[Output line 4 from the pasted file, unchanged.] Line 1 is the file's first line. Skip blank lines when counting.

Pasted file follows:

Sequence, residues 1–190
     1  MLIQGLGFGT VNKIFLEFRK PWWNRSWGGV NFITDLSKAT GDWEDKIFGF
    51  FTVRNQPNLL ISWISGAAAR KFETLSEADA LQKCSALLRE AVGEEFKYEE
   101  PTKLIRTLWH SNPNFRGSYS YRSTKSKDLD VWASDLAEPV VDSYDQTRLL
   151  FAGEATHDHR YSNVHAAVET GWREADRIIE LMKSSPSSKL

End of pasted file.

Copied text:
   101  PTKLIRTLWH SNPNFRGSYS YRSTKSKDLD VWASDLAEPV VDSYDQTRLL